Nearly 40 years ago, a metaphor or fable, if you will, about “upstream-downstream” was created by healthcare practitioners to better explain and argue for the value of preventative health care measures. The fable describes a group of community members standing near a river who witness someone drowning. Some of the community members jump into the water and pull the person to the shore. As soon as they do so, they try to resuscitate her.
Then, another drowning person floats down the river; and as the community recruits more lifesavers, still more drowning people float past them. Eventually, someone thinks to go upstream to find out what was causing so many people to be pulled into the river. More recently this fable has been used as a metaphor for those lost in the midst of a failing educational system in an effort to get Americans to look upstream to see the sources of the problem; and to query why so many of the failing students are people of color.
If we think of those upstream determinants as structural barriers, what happens when girls of color are pushed out of educational systems that are supposed to support them? How can a path be cleared for them that serves as a bridge to economic stability, and optimal life outcomes? In a new report, Black Girls Matter: Pushed Out, Over-policed and Under-protected the African American Policy Forum examines these concerns in New York City and Boston. The report breaks down data by race and gender, and its findings are disturbing. In New York, for instance, in the 2011-2012 school year, Black girls were disciplined 10 times more often than White girls. In fact, in some settings Black girls were found to face a greater racialized risk of unjust punishment than Black boys.
Girls of color are often more harshly punished for non-violent offenses that educators have coded as “disruptive” and “disrespectful.” They are sometimes punished for behavior that would be viewed as innocuous for boys. For instance, one girl interviewed for the report explained: “Some of the girls did have this sense of frustration, that there is a different standard for girls’ behavior versus boys. So boys seem to just get more looking the other way, or more tolerance of even the exact same behavior.”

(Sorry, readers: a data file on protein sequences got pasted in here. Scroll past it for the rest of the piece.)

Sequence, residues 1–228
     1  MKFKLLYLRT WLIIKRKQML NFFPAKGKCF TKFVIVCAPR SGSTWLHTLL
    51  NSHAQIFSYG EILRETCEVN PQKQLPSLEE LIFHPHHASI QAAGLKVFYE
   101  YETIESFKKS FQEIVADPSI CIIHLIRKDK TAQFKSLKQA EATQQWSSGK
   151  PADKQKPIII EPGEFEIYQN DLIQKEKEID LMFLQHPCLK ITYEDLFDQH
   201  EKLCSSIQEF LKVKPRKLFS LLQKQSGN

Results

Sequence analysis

Girls of color are also experiencing multiple forms of violence before they even walk through the school doors. They are ingesting trauma for breakfast. It’s embedded in the pressures of serving as quasi-mothers for younger family members, enduring physical, sexual, mental, and emotional abuse at home, and leaving their homes with no safe route to school in neighborhoods that have literally been disinvested in by city and corporate officials.
Once they reach their schools, they often find the buildings and classrooms to be unsafe. Many schools that serve low-income youth and students of color have permanent metal detectors. These schools are coded as “dropout factories,” known for graduating less than 60 percent of the 9th graders who attend them. In Black Girls Matter, the authors found that girls of color reported facing discriminatory and abusive comments from school security officers, and intrusive body searches as they entered the school and in the hallways. Rather than fostering a safe space these conditions at times made some girls avoid school altogether. Simply put, school push-out for girls of color can result in a kind of slow-death, and the absence of a genuine opportunity to succeed. Rather than serving to prevent failure down the road it is more likely to produce failure.
So, as we travel back upstream to see what is going on in our public schools, let’s do so armed with more data – both qualitative and quantitative – so that we can gain a better understanding of the roots of the problems that girls of color face. Let’s call for public policies and innovative programs tailored to their needs; and let’s acknowledge that when girls are pushed out of school lasting effects spill over into every aspect of their lives. Let’s lend a hand before the girls are forced to fend for themselves in treacherous waters.
LeConte Dill is an assistant professor at the State University of New York (SUNY) Downstate School of Public Health, teaching and conducting community-engaged research related to urban health, positive youth development and qualitative methods.